The first meeting of the CASCA Women’s Network was organized in 1984, with Elvi Whittaker as its first coordinator. In 2008, she recalled the network’s beginnings: “It was certainly time to start one. It was late. Other people had had one for fifteen or twenty years.”

The first items of business were:

  • selecting a member for the Social Science Federation of Canada Task Force on the elimination of sexism in the social sciences;
  • surveying women’s studies programs, courses, and research in Canada;
  • discussing women’s issues in academic politics.

Forty-one women attended that first meeting, which must have represented a significant proportion of all Canadian anthropologists.

In 1986, Joan Ryan (1932-2005) took up leadership of the Women’s Network. She sent a questionnaire out to all 35 anthropology departments in Canada. While the response rate was low, representing mainly middle-range anglophone universities, the results were revealing:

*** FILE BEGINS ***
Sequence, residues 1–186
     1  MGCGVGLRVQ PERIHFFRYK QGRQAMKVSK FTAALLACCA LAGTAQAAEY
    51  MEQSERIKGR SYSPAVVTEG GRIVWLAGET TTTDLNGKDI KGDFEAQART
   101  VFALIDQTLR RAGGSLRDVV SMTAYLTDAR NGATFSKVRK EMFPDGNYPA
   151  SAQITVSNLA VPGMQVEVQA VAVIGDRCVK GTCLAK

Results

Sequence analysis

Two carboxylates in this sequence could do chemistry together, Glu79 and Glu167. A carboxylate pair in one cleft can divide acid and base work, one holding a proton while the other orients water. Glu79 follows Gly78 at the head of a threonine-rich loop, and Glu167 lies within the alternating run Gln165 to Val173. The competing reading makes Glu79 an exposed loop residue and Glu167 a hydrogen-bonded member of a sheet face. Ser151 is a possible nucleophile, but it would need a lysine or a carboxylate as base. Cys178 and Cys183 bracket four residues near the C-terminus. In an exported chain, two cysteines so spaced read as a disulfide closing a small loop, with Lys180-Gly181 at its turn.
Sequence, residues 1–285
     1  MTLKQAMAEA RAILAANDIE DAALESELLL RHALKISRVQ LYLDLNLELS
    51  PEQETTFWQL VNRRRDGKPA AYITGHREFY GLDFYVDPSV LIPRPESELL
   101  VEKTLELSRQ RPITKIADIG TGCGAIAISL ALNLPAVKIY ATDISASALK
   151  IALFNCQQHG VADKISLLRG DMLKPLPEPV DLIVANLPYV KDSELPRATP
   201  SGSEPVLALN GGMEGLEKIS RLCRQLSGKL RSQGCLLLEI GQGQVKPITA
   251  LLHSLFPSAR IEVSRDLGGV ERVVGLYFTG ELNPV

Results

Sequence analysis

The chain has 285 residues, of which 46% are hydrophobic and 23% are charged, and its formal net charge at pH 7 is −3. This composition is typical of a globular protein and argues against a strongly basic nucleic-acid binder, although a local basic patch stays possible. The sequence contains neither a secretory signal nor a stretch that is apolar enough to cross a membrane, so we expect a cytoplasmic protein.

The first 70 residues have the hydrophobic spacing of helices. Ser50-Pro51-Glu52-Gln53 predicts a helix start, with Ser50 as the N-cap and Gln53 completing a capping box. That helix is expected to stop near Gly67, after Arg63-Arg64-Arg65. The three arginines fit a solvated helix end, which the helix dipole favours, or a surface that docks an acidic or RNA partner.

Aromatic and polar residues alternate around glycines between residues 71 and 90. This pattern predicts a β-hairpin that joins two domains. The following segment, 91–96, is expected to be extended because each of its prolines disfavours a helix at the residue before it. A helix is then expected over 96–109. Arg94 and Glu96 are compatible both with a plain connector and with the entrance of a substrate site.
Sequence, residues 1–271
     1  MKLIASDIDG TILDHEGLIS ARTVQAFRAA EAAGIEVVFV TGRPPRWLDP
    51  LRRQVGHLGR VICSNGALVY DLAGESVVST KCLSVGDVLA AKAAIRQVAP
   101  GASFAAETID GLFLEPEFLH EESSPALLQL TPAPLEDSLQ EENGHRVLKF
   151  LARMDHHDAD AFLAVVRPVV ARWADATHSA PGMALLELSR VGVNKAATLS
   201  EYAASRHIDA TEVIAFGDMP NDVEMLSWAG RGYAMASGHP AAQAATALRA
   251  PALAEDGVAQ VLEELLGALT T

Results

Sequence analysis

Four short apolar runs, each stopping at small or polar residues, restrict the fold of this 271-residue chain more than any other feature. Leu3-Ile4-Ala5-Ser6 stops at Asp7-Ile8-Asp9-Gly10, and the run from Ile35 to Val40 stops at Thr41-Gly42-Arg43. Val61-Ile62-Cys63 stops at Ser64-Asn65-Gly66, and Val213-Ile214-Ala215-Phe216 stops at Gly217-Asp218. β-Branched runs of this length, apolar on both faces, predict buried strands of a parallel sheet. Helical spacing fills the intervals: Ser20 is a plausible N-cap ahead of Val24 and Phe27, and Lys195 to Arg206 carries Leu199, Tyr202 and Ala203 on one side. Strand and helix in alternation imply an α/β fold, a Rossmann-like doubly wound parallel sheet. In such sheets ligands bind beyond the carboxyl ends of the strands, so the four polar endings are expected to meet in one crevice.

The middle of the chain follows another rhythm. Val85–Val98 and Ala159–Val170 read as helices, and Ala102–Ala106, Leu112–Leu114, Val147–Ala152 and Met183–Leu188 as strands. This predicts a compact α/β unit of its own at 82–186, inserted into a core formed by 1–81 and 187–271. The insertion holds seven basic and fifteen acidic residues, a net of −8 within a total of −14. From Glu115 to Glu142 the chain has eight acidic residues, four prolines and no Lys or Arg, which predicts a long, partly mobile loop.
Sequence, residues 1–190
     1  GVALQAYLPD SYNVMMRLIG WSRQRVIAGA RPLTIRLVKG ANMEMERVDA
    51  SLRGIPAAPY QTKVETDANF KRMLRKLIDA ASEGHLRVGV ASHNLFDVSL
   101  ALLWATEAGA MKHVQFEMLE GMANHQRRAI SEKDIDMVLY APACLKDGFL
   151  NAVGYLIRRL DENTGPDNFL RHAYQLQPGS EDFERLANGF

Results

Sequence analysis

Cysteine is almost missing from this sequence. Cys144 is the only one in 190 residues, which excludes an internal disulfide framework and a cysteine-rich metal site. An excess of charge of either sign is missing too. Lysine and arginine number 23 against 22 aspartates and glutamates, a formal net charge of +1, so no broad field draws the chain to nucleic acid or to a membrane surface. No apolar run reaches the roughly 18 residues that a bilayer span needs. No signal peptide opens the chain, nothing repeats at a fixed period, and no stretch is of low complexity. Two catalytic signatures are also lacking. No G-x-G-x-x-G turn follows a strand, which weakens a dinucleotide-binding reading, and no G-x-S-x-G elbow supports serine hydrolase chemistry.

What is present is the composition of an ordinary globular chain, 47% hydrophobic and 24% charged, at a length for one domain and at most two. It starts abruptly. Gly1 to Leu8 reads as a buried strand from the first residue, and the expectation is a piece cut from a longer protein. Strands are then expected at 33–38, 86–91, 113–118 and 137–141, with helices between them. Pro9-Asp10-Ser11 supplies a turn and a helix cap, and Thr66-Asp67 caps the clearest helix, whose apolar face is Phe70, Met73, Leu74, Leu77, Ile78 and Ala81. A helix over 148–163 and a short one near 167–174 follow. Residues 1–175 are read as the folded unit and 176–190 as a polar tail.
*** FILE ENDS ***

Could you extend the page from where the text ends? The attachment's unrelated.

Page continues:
• the respondents’ departments had more female than male graduate students (161 : 115), but equal numbers of men and women held teaching assistantships;
  • only 15 of their 37 full professors were women;
  • only 11.5 of their 71 associate professors were women.

Equity increased down the ranks, however:

  • 12 out of 15 assistant professors were women;
  • 10 women and 10 men were reported as sessional instructors.


Nearly thirty years after the first survey in 1986, it is time to re-assess the status of women in Canadian anthropology. Members of the Women’s Network presented preliminary research at the CASCA meetings in 2009 which suggests that:

  • there are still significantly lower numbers of women in higher ranks or getting jobs at all in relation to the number of female graduates in the discipline;
  • pay equity has still not been achieved.

Women carry the burden of a disproportionate workload which reflects the feminization of a growing labour pool of second-class citizens within academia more broadly: those who occupy the ever-increasing ranks of limited-term appointments or work as research and lab assistants.

Members of the CASCA Women’s Network have made significant scholarly contributions to the discipline. They have increased the visibility of women’s and feminist research in sessions at our annual meetings and in internationally recognized publications (see Further Reading).


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